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Knee-Deep in Injuries

Baby boomers eager to hang on to their youth are hurting their knees more. But new surgical techniques are getting folks back on their feet faster.

November 02, 1998|MARTIN MILLER | Times Staff Writer

For Richard Glanz, the mind is willing, but the knees are not.

He first learned this on a basketball court years ago when he severely tore cartilage in his left knee driving to the basket. He repeated this lesson several more times, ripping the connective tissues in his knee once again while playing basketball and twice while playing baseball.

In all, Glanz, 43, has endured five knee surgeries--four on his left knee, one on his right. His first four were arthroscopic, and the last one, the worst by far, was the complete reconstruction of his left knee's anterior cruciate ligament in January 1997.

"Every morning I wake up, [and] it's snap, crackle and pop. It's never going to be normal again," says Glanz, a commercial real estate developer, who hopes to return to the squash and tennis courts soon.

Each year, about 5 million Americans seek treatment for bad knees, which are rivaled only by the lower back as the chief complaint among aging baby boomers, according to orthopedic doctors.

The rise in knee woes can be traced to America's compulsion with fitness and an active lifestyle, doctors explain. A generation ago, it seemed most adults' idea of exercise was mowing the lawn or chasing the kids around the house. Not surprisingly, these often overweight adults suffered the physical consequences of a sedentary lifestyle, most notably heart attacks, doctors say.

But in the last 20 years, Americans have dramatically changed their exercise habits. A growing body of research on the medical benefits of fitness and nutrition, recommendations by doctors to "get some exercise" and a youth-obsessed culture, spearheaded by baby boomers, have fueled the get-fit revolution, according to fitness observers.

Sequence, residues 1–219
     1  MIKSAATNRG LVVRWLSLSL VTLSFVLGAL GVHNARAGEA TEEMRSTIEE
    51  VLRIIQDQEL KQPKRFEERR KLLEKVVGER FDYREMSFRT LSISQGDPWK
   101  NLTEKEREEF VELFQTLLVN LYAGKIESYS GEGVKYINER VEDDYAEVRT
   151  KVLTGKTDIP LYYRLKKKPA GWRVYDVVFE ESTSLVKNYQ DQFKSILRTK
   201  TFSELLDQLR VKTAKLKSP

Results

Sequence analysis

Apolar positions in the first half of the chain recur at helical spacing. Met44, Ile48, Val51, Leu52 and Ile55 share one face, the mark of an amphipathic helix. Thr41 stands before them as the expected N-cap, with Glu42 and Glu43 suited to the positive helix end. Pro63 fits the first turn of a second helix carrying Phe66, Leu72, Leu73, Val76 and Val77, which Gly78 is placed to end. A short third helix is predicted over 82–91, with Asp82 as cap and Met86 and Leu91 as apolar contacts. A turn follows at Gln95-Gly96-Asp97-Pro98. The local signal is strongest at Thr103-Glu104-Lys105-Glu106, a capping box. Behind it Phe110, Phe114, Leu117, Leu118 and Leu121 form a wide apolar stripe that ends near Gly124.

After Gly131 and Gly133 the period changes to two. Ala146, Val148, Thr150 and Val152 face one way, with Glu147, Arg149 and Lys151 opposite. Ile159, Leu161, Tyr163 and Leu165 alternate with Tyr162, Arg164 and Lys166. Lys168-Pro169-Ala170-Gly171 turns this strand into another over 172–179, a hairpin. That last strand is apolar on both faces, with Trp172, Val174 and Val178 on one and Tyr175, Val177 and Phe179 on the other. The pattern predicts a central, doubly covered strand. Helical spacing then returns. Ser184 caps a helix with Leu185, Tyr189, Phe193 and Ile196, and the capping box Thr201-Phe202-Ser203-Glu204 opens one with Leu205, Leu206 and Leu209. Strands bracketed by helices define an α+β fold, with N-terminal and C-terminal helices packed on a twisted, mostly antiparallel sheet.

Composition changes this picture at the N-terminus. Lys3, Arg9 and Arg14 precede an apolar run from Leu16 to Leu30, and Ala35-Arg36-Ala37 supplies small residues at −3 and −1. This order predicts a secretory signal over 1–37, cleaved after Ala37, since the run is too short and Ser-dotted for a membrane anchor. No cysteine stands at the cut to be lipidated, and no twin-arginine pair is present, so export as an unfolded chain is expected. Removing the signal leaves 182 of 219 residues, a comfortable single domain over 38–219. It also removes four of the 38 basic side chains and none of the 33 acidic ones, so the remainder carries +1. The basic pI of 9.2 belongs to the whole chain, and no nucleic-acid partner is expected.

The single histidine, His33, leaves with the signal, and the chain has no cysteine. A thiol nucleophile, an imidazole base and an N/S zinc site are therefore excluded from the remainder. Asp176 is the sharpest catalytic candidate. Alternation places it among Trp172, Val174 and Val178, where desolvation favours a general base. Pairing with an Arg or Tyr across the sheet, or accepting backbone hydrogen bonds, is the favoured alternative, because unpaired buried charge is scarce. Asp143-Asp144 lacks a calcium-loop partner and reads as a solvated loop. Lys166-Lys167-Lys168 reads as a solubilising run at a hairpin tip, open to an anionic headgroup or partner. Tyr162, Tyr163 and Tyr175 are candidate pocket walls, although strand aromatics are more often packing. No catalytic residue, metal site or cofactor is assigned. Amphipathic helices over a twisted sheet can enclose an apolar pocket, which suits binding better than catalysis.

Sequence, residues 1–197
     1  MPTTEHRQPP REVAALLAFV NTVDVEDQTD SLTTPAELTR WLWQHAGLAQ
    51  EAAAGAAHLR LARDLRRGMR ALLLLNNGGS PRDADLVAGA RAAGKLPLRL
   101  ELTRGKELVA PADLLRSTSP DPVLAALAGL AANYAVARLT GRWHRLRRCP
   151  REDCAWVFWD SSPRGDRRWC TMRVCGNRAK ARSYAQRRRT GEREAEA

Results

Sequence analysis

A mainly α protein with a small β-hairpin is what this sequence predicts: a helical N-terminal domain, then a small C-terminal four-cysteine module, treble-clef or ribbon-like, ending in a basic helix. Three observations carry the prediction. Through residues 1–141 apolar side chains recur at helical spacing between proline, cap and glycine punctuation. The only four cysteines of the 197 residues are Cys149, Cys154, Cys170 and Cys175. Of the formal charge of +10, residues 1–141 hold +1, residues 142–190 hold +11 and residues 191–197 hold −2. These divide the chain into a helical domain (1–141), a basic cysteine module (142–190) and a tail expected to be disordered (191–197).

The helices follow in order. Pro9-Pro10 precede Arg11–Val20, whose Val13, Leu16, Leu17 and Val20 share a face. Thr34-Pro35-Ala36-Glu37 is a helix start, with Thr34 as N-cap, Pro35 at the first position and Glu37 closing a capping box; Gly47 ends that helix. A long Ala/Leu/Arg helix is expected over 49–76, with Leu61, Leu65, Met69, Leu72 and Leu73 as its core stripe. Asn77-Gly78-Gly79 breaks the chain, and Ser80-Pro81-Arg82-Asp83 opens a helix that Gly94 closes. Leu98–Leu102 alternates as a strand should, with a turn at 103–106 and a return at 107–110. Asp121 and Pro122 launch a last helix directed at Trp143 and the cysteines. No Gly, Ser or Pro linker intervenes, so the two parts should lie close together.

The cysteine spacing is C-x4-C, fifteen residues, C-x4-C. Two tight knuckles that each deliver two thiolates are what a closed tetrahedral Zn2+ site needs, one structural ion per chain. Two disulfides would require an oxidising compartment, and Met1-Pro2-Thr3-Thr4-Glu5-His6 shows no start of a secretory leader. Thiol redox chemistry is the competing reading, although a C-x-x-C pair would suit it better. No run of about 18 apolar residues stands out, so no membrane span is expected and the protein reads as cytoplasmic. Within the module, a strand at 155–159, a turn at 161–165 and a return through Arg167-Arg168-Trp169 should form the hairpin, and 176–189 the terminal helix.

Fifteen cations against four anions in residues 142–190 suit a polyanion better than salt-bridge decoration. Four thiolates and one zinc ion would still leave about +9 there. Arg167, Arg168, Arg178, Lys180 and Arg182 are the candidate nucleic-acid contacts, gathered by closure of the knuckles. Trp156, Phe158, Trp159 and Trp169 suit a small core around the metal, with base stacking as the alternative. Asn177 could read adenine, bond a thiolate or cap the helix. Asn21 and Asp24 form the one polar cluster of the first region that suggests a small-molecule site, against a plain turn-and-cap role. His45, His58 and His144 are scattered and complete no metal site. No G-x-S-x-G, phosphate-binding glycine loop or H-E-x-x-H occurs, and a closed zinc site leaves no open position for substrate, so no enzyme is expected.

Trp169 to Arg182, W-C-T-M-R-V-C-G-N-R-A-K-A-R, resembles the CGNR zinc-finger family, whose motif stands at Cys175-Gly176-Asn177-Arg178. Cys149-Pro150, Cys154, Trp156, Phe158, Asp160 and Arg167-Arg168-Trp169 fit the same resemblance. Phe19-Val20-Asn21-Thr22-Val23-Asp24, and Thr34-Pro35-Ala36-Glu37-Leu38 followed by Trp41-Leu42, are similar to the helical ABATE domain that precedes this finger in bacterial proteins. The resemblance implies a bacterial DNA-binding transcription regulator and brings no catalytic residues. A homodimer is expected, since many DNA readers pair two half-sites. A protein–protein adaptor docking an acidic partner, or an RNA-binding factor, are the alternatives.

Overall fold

The Downside to Better Health

An estimated 81.3 million Americans engage in fitness, sports or outdoor activities at least three times a week--more than at any other time in U.S. history, according to the San Diego-based American Council on Exercise.

It's a no-brainer that all those people jogging, skiing and playing tennis translate into more injuries. Orthopedic doctors question whether the current rise in knee injuries is excessive, even given the larger number of sports enthusiasts. Too many recreational athletes, they say, particularly those over 40, unnecessarily risk injury by throwing themselves haphazardly into sports.

Many baby boomers fail to consider that as the body grows older, the knee ligaments--the tough band of tissues that holds the bones together and helps to control joint movement--become stiffer and more brittle. And more prone to injury.

The older the athlete, the more important conditioning and stretching become, doctors say. The two techniques are the best way to prevent, or reduce the severity of, a sports injury. But whether it's hubris or laziness, not everyone does as they should.

"The biggest problem we have is with guys over 40 who think it's still like their college days when they rolled out of bed Saturday morning after a night of drinking and played basketball all day and they were fine," said Gary Losse, founder of the Oasis Sports Clinic in San Diego and a former team doctor for the San Diego Chargers.

"They're unprepared, and that's when they get the ligament injuries," Losse said.

Boomer athletes also make themselves vulnerable to knee injury by their choice of activity. Lower-risk sports like swimming or cycling produce fewer injuries. But boomers who have clung to those higher-risk sports of their youth--football, basketball and soccer--are rolling the dice with each passing year.

These latter sports, which require jumping, cutting and pivoting, can wreak havoc with aging knees, doctors say. Many recreational athletes realize the increased risks but still hang on to to their favorite sport.

"It's your personality, it's your identity, and you make great friendships," said Glanz, who still hikes and skis with his family.

A Choice Between Surgery and Sports

The price sometimes paid is a visit to the doctor's office or emergency room. What happens next depends upon the person's age, the extent of his injury and the willingness to change his lifestyle, doctors say.

In some cases, a person can avoid surgery if he is willing to accept the limitations of a damaged knee. But the trade-off may be abandoning most sports, wearing a knee brace and committing to a regimen of exercises to strengthen the knee.

But doctors are discovering few will make such a bargain.

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